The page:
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What Is Grand Larceny?

A theft must meet a certain value-threshold to be considered grand larceny.
A grand larceny conviction could result in a prison sentence.
The concept of grand larceny derives from England's common law system.
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  • Written By: Felicia Dye
  • Edited By: J.T. Gale
  • Last Modified Date: 20 September 2014
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An average person may view stealing as clear-cut wrongdoing. The law, however, does not view it that way. There are various types of stealing offenses, and grand larceny is one of them. This offense takes into consideration the value of the property that illegally is taken and the intent of the perpetrator.

Grand larceny generally is defined as the theft of property exceeding a certain value. Property can refer to many things including cash, jewelry, or electronics. If a person steals multiple items during an act of theft, the value usually will be assessed collectively instead of individually.

This means that although the items may be cheap, together they can constitute grand larceny. A good example of this is the theft of a compact disk (CD) case. If there are 25 CDs inside, the value of each and the value of the case they were in are added together, making it very possible to meet the threshold.

The value that constitutes grand larceny can vary from one state to another. Some states do not have this type of larceny offense. Those that do enforce larceny laws generally have a lower category known as petty larceny, which applies to theft of property below the value of grand larceny. For example, if a state sets $500 US Dollars (USD) as the amount that constitutes grand larceny, then theft of property valued at $498 USD would be petty larceny.

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Normally, the value of items that are stolen is not based on the purchase value. It is instead based on the fair-market value which determines how much something was worth when it was taken. In many cases, items depreciate. A CD that is purchased at $20 USD normally is not worth that amount six months later. In some cases, however, the value may appreciate above the purchase price, such as with art.

A person normally cannot be convicted of grand larceny if he did not intend to keep the stolen items. This means that even if a person takes an item without permission that meets the value to constitute this crime, he will be acquitted if he can prove he intended to return it at some future date. A good example of this is an employee of a lawn service who takes equipment to do personal jobs.

Grand larceny is derived from the English common law system. In previous centuries, the crime was considered much more severe than it currently is. Today, however, it generally is considered to be a felony. This means that conviction can result in a prison sentence, but that does not always happen.

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anon165816
Post 4

@cougars: White collar crime and theft cause more harm and damages than violent crime. While violent crime seems more severe at first, the repercussions of white collar crime end up affecting more people and destroying more lives. I wouldn't say that $400 would do this, but I just wanted to point out that violence isn't the only crime that affects people.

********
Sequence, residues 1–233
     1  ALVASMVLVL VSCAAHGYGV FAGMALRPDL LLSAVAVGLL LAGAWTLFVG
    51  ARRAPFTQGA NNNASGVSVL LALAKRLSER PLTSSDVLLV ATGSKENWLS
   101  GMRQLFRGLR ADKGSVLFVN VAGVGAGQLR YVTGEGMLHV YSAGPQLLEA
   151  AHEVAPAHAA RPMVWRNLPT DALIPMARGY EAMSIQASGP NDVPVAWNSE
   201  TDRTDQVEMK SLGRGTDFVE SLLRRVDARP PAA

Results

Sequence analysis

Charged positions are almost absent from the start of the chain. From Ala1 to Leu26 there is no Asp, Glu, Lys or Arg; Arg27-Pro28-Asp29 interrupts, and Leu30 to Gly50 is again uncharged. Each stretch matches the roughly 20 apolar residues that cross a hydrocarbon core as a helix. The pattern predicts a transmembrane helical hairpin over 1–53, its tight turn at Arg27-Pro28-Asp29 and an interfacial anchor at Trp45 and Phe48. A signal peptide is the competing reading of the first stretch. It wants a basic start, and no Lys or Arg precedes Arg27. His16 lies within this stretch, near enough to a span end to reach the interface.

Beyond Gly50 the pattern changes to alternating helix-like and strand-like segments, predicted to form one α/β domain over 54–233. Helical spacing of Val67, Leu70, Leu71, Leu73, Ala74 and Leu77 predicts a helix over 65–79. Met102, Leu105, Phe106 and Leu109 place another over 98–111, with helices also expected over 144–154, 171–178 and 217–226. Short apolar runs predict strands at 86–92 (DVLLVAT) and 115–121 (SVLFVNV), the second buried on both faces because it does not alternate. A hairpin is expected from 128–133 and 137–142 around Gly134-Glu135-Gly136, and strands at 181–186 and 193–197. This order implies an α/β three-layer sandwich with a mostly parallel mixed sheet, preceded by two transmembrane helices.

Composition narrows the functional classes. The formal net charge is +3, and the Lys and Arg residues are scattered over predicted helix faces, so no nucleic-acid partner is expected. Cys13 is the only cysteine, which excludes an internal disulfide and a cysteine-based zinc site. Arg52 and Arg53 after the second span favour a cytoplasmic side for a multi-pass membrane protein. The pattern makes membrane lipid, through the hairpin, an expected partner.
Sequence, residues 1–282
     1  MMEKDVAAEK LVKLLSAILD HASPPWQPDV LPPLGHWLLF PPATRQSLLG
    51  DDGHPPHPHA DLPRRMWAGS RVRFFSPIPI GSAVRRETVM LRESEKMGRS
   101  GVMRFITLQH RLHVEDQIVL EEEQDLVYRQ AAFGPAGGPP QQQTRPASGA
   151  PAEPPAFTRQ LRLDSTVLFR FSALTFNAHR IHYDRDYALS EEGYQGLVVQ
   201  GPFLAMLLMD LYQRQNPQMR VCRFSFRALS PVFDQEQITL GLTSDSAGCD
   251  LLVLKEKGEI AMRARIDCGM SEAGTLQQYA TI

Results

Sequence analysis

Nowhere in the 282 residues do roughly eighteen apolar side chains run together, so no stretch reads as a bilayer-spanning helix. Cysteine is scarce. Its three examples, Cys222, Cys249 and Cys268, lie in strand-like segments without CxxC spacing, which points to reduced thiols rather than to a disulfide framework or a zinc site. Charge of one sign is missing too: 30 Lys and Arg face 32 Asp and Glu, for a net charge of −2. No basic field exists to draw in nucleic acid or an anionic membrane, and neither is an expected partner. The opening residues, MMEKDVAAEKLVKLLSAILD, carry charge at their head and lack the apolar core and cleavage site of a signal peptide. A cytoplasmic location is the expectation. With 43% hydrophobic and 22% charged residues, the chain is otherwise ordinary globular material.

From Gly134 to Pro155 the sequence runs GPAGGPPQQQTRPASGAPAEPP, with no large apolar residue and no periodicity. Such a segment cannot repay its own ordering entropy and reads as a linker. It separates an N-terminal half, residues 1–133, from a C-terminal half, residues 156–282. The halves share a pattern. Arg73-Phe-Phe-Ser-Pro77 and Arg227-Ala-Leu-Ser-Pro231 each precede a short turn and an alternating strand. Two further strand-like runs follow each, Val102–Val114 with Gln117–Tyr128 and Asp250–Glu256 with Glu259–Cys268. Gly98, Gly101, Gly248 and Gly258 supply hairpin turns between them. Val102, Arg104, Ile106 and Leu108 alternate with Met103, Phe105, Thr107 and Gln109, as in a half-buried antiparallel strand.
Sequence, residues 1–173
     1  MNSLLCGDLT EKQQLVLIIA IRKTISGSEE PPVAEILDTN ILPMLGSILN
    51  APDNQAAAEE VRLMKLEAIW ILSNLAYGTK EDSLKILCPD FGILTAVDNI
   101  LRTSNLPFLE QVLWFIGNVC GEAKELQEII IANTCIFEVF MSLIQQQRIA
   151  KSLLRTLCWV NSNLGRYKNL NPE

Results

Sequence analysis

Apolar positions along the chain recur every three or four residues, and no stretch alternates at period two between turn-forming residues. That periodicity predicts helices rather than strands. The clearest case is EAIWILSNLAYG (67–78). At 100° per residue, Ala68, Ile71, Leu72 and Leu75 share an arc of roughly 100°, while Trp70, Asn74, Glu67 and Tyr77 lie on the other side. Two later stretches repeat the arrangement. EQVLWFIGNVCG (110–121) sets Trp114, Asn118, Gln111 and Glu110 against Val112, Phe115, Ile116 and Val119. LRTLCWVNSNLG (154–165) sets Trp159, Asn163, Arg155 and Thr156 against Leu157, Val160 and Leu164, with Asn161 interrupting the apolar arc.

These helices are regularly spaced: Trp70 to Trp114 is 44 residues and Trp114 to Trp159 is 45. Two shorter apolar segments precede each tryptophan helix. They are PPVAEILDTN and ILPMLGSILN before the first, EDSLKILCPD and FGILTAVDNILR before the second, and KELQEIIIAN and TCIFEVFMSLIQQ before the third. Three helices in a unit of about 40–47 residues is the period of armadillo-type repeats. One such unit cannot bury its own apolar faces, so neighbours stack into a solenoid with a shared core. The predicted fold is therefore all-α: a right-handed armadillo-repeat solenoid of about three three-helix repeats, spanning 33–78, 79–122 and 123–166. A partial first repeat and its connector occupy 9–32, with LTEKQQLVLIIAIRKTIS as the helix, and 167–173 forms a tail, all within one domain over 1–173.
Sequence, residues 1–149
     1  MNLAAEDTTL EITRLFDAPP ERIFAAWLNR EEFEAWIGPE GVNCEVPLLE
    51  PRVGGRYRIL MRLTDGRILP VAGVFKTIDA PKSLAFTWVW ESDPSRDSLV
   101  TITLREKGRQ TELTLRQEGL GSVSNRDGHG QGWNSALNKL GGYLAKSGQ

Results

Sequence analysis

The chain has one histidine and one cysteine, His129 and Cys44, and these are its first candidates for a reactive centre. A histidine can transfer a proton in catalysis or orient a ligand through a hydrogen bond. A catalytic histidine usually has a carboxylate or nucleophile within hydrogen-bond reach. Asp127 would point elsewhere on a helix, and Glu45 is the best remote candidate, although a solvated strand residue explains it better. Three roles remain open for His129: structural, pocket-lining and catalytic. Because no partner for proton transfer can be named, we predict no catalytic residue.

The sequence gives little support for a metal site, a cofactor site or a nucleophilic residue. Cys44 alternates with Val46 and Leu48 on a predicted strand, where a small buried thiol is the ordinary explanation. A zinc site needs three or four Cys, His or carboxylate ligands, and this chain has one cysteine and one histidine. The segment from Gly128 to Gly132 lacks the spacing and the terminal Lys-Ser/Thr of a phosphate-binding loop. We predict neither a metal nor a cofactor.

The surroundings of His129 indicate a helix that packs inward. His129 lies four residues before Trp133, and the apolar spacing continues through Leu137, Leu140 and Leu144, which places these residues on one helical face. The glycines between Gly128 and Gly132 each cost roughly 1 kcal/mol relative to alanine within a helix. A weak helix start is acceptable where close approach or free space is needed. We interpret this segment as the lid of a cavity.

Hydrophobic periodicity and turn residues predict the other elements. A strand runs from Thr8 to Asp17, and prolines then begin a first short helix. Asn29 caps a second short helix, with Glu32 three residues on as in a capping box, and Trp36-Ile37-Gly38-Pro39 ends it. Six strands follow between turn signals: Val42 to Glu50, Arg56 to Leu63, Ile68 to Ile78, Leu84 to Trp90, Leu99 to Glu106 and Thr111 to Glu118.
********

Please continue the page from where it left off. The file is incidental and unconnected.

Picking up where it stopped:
@Glasshouse: While three strikes probably could use reform, one is still responsible for what one does even under the influence of alcohol. If i get drunk and kill someone but don't remember it, can I get away with it? no. so why do you want him to be granted amnesty for this? I don't think 25 to life should be the answer, but nor should be a slap on the wrist. the state is trying to hold him accountable.

anon104196
Post 3

I agree with both comments posted above. A strike should be given for rapists or murderers, people that do home invasions and terrorize others in the community repeatedly. A strike should not be for a drug addict possessing their illegal substance or the guy who steals a slice of pizza because he's hungry when he's drunk and doesn't remember it! -former felon chic (now reformed)

Glasshouse
Post 2

@ Cougars- I agree that the three strikes law is seriously flawed. I have a family member in California that is going through the ringer because of the three strikes law. He is up for the three strikes law for stealing a bike off a lawn while he was drunk. He rode the bike home and left it out in front of his house. The courts are trying to lock him up for 25-life.

I agree that he is an idiot, but to lock someone up for the rest of his life for a bicycle is lunacy. He didn't try to sell the bike...heck he didn't even remember taking the bike. Maybe a year or two is a harsh penalty, but life is a little much. Especially since it had been ten years since his previous felonies.

cougars
Post 1

In California, grand theft is now larceny. The threshold for theft to be considered larceny is $400 dollars. In the state of California, larceny is a felony and can count as a third strike. I find this to be an insane law. The fact that a $401 dollar theft can lead to life in prison is insane. I believe that the three strikes law should only be applied to violent offenders.

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